Iowa State University Extension and Outreach

East-Central and Southeast Iowa Crop Information


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April 29, 2011


               We are now midway through the ideal planting window for both corn and soybeans, with very little crop in the ground. Although timely planting by the first part of May is important for obtaining optimum yields for both crops, any potential yield gained can be more than lost if the crop is mudded in to try to beat the clock. Small mistakes made at planting time can haunt you the rest of the season. There is little change in yield potential until planting is delayed after about May 10, and even with late May plantings, yields usually do not drop by more than about 10%. Many producers can get most of their corn planted in about 3-4 days, so starting a day too soon and planting half the corn under marginal conditions usually doesn't make sense. Some points to consider with corn planting this spring:
1.           Don't plant into wet soils. This can lead to sidewall compaction which can lead to season-long problems. The roots will have difficulty growing through the compacted zone made by the planter and will be pancaked into a flat plane in the direction of the planter. This can lead to uneven corn growth, rootless corn, and K deficiency symptoms due to poor root growth. Poor root growth will be an even greater problem later if the summer turns dry, as Elwynn Taylor has been predicting. 
2.           Don't plant too shallow. When soil moisture is plentiful producers are tempted to plant corn more shallow. For every corn field I see with problems caused by planting too deep, I see a hundred fields with problems caused by planting too shallow. If the seed ends up being less than 1.5 inches deep, problems such as rootless corn and K deficiency symptoms are much more likely to occur. Even if the seed is placed 1.5 inches deep, sometimes the soil can settle after planting or there can be soil erosion so that the plant actually “sees” a more shallow depth. Corn should be planted 1.5-2” deep and error on the deep side. 
3.           Even with today's high seed costs, it still pays to shoot for corn stands of 30,000-35,000 plants per acre. Ideal corn seeding rates have been increasing at the rate of about 400 seeds/A/year. Average corn yields per plant haven't changed much in the past 50 years. Most of the yield gain has been from breeding corn that can tolerate an increased population. If you are still planting the same population you did 10 years ago, you're paying 2011 seed prices and only getting 2001 yields.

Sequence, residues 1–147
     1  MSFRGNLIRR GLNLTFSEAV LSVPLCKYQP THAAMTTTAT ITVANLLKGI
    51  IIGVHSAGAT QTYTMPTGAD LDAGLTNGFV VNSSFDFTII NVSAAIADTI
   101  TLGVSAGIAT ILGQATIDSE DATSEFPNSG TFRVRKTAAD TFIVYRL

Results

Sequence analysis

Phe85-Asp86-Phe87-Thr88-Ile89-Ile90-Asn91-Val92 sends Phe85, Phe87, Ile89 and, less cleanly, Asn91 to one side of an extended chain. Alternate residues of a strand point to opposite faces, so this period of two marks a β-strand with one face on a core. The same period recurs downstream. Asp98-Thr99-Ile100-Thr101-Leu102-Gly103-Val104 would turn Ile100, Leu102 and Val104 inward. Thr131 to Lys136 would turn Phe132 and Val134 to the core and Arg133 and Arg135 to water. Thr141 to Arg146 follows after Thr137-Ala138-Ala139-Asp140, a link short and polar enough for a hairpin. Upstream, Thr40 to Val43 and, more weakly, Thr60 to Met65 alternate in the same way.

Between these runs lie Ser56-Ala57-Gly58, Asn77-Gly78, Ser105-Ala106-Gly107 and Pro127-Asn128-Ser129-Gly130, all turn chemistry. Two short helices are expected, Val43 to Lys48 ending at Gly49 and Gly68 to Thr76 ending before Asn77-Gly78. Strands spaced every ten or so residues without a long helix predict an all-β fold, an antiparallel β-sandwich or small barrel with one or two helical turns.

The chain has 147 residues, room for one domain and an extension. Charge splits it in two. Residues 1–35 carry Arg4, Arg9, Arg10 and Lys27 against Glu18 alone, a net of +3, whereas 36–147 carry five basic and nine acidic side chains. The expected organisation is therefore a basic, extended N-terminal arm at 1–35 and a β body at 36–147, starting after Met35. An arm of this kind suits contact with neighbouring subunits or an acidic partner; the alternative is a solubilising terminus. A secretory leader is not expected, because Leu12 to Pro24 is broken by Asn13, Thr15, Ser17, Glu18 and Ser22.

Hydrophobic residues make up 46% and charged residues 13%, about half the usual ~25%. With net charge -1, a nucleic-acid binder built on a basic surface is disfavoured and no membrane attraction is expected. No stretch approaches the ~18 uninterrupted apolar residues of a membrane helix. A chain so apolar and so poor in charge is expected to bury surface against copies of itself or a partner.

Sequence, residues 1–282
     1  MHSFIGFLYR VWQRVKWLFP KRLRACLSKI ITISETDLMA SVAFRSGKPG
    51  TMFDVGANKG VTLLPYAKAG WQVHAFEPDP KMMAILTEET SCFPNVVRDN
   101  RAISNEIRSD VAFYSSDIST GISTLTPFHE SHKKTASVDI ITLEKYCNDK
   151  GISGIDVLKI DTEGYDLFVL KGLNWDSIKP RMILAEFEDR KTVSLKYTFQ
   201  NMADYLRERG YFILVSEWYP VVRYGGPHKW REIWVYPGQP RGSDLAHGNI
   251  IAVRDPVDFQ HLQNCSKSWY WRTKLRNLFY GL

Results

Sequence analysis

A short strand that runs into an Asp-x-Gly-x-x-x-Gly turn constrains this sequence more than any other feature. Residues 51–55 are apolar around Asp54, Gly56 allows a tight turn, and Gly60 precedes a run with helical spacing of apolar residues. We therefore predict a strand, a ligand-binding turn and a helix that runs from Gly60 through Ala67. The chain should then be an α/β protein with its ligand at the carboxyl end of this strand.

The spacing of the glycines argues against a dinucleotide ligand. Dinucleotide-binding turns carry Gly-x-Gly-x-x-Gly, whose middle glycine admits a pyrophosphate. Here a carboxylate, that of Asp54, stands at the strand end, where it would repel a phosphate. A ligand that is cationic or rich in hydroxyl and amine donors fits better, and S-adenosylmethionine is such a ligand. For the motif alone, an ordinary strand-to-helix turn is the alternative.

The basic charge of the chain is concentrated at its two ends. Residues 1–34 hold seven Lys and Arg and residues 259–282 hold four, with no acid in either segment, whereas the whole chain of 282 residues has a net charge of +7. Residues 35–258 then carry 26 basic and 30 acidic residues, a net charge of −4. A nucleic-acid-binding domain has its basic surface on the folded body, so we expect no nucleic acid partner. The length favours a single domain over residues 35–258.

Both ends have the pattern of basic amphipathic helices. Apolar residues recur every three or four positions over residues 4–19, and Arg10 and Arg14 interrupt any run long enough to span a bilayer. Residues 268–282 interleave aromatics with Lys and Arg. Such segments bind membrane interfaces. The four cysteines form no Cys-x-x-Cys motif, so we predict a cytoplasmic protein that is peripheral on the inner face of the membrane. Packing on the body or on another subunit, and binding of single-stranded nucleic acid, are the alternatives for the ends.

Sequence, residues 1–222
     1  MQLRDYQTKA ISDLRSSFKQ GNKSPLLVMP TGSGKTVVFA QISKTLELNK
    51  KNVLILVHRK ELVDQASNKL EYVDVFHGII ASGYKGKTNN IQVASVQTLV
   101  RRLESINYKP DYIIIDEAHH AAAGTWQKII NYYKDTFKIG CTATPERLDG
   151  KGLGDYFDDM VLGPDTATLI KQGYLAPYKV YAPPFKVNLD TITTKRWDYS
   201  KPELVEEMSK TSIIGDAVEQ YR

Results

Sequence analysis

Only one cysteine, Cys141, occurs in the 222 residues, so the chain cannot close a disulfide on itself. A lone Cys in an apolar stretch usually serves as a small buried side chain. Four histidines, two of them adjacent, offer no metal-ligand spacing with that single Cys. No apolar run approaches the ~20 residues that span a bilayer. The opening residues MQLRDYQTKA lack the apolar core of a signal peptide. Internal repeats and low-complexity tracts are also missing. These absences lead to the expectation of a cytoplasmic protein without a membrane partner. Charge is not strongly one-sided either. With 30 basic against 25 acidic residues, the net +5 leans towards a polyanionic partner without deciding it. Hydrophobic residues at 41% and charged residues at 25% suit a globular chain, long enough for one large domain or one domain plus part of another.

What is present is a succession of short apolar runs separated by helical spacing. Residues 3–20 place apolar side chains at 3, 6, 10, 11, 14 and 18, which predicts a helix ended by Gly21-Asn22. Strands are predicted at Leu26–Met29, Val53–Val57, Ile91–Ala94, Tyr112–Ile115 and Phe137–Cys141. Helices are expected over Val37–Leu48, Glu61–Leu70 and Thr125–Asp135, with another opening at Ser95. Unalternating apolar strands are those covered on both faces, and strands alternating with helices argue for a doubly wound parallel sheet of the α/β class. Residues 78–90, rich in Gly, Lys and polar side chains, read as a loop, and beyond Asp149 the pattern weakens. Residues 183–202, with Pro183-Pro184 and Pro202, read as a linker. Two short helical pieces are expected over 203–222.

4.           Pay attention to details at planting. A little extra time making sure planter settings, seed spacing, depth, and population, and soil conditions are correct can pay big dividends, especially with today's prices.




Burndown Herbicides


Many fields are starting to look like a jungle with the rainy weather delaying the planned herbicide applications. It is not a good idea to plant into standing weeds, with the plan of coming back later to take care of the problem. Some problems weren't taken care of until the corn was 6 feet tall last year. If a burndown herbicide has not yet been applied, you may want to leave 2,4-D out of the mix, so planting can be done soon without the risk of injury.  According to the label, planting of soybeans needs to be delayed 7 days after spraying 1 pt/A of 2,4-D (4 lb gal) ester, and most labels suggest not spraying 2,4-D from 7 days before to 3 days after planting corn. Most of the problems I have seen with corn is when the 2,4-D is included with an amide like Dual or Harness and the spraying is done within that 10 day window. It is also more common when planting is done in less than ideal conditions and the seed furrow remains open, so we could be seeing more problems this year. See Bob Hartzler's article for more details at


Time for Pre-emergence Crabgrass Control in Lawns


Crabgrass seed doesn't germinate until the soil temperatures reach 60+ degrees F, which is also towards the end of the forsythia bloom season or when redbud trees reach full bloom.  Organic control with corn gluten meal should be applied 4 to 6 weeks ahead of this germination window… consider using it now!  Using this product in the first year generally results in a reduction of 50 to 60 percent of the crabgrass.  Two to 3 years of this product is necessary to match the results of synthetic pre-emergence herbicides.  Synthetic control with pre-emergence herbicides can be applied closer to beginning of the germination window.  The Home and Horticulture Newsletter included an article on crabgrass control in their April 7, 2007 issue found at:











Details will be posted soon at




Doug Nolte and the Iowa Learning Farm (Iowa State University), hosts

1021 Highway 6, West Liberty, IA

JUNE 22, 2011, 10:30 a.m. – Noon, followed by lunch

The farm is just in Muscatine County near the Johnson County line. Program details will be forthcoming.




JUNE 29 (tentative), 2011

Details will be posted soon at



If you have any questions, please feel free to contact the Iowa State University Extension Office.

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Last Update: April 29, 2011
Contact: Jim Fawcett

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